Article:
Adding notification permission data to the Chrome User Experience Report

Adding notification permission data to the Chrome User Experience Report

Adding notification permission data to the Chrome User Experience Report

Adding notification permission data to the Chrome User Experience Report

Chrome 80 introduced quieter permission UI for notifications.
To help site owners understand notification permission metrics, we’re adding this
data to the Chrome User Experience Report
(CrUX) in the 202001 dataset, released on February 11,

  1. This will allow site owners gain a better understanding of typical user
    notification permission responses for their sites and comparable sites in
    their category.

CrUX only provides a high level summary of notification permission request
Accept, Block, Ignore, and Dismiss rates. We recommend you augment
this data with detailed analytics from your preferred analytics platform.

About CrUX notification permission data

The CrUX data format and methodology is described in detail in the
developer documentation,
and you should review considerations on
population and analysis best practices.
Because reported data is only from opt-in users, there may be variance between
data in the CrUX dataset and data you collect from your own analytics.

When a notification permission is requested, Chrome will show users a prompt.
Users can actively or passively take one of four actions, described in the
table below.

Allow The user explicitly allows the website to show them notifications.
Block The user has explicitly disallowed the website from showing them
Dismiss The user closes the permission prompt without any explicit
response. Tab close counts as a dismiss. On mobile, tab switch also
counts as a dismiss action, and the quiet UI has an explicit user
dismiss option.
Ignore The user does not interact with the prompt at all. Navigation events
also count as an ignore, such as the back button or navigation using the

The CrUX dataset includes data for each of these user actions as a percentage
of responses.

How to interpret your data

Block and Accept rates are the two most important metrics. As described in
the quieter notification permissions blog post,
Chrome will automatically enroll sites with very low Accept rates into the
quieter UI. Block rate is also a strong signal. When a user clicks
Block, the user has sent a clear message that they are not interested in
receiving the site’s notification, not just at that moment, but at any time.
Most often this means that the user does not understand the intended use of
the notification, the value of the product and service, or has not
established trust with your website. Both low Accept or high Block rates
are a clear indicator that the website should review the
recommended patterns section in this article.

It is normal and expected that different types of sites will have different
Accept and Block rates. For example, a chat app or email app has a very strong
use case and we could expect Accept rates to be quite high.

It’s also normal that rates for the same site may vary significantly between
desktop and mobile, as the use cases can be different and users may have a
strong preference for notification on one type of device over the other. The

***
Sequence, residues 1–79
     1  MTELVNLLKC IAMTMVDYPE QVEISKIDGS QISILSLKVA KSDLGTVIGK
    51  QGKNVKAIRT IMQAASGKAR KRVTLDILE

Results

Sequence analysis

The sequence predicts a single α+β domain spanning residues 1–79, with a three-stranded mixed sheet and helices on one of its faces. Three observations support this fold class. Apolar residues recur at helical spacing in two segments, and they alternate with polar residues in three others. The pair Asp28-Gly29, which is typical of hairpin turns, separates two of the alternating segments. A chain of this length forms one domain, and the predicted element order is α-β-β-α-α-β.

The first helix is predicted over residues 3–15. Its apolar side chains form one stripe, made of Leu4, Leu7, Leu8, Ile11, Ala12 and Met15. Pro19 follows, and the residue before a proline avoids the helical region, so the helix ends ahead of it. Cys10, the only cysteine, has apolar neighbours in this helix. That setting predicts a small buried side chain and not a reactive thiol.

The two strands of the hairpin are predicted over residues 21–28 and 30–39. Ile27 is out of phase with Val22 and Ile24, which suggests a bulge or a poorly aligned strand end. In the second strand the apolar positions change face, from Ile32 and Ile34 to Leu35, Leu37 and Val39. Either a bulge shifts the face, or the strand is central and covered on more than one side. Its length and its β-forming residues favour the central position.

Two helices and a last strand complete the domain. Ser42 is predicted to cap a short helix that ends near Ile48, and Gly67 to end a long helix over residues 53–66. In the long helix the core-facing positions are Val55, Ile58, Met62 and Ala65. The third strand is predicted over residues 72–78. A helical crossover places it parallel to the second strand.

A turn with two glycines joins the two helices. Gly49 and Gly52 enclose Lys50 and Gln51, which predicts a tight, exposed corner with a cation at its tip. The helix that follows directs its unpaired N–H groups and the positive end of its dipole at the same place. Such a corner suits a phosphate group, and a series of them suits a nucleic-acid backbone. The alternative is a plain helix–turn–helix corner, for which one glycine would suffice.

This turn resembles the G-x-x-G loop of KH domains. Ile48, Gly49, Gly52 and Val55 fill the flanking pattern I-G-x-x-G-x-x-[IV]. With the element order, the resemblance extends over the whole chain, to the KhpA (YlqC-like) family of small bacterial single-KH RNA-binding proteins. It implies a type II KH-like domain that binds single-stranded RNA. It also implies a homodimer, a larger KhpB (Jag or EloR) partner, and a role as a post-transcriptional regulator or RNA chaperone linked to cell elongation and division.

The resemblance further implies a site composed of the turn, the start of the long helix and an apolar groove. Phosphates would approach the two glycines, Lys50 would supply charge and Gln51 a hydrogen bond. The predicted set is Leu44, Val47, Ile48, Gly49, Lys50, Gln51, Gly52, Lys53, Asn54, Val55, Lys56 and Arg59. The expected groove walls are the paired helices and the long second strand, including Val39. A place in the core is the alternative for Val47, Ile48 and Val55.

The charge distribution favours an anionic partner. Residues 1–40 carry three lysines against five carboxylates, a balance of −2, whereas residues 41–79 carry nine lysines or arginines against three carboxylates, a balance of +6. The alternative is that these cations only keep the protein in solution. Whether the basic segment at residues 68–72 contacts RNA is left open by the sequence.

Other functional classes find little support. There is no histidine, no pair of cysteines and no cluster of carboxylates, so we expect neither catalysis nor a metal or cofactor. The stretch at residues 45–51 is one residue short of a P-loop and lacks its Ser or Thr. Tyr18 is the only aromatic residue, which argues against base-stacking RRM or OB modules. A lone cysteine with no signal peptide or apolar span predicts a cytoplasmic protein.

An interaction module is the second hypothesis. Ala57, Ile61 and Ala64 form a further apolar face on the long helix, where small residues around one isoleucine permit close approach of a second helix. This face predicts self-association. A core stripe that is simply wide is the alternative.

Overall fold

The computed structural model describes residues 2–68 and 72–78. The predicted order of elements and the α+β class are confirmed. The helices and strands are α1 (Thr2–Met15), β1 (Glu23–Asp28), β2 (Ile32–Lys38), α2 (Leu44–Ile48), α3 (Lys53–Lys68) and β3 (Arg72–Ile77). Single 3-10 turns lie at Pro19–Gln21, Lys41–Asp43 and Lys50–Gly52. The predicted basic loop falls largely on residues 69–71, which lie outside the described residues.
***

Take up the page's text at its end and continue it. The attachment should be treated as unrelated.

large variance between mobile and desktop is the reason that automatic site
enrollment in quiet notification permission UI is separated by device type.
Some sites may be enrolled in quiet UI only on mobile or only on desktop.

As more users enroll in quieter notifications UI we expect that Ignore
rates will increase over time relative to other metrics. You should view this
trend as normal and expected.

Let your users take the initiative and turn on notifications at their own
pace. Introduce toggles or buttons discretely as part of preexisting UI
surfaces so that they are shown at steps of the user’s workflow where there
is good reason to believe that they might want to opt in to receiving timely

Avoid showing prompts and/or overlays without context or immediately after a
user lands on the site. Prompts interrupt the user’s browsing experience
without providing context as to why notifications are needed or useful to

Querying the dataset

Beginning with the 202001 CrUX dataset, you can access
notification permission data by querying the
experimental.permission.notifications field.

  SUM(experimental.permission.notifications.accept) AS accept,
  SUM(experimental.permission.notifications.deny) AS deny,
  SUM(experimental.permission.notifications.ignore) AS `ignore`,
  SUM(experimental.permission.notifications.dismiss) AS dismiss
  origin = ''

Note: Because “ignore” is a reserved keyword in BigQuery, we have to enclose it
in backticks so it’s interpreted as a field name.

In this example, we’re querying the notification permission data for Google
News. We use the SUM function to add up the permission rates for each
dimension (form factor and effective connection type) so we get an
origin-wide view.

accept deny ignore dismiss
0.8231 0.0476 0.0502 0.0791

Pie chart representing accept rates

The results show that 82.3% of users accept the notification permission
prompt, while 4.8% deny, 5.0% ignore, and 7.9% dismiss it.

Learn more about using CrUX on BigQuery and browse the
CrUX Cookbook for more example queries.


For any questions, or to share your thoughts/feedback about the notification
permission data in CrUX, you can reach us on the
CrUX support forum or @ChromeUXReport on

This post is also available in: Adding notification permission data to the Chrome User Experience ReportNorsk bokmål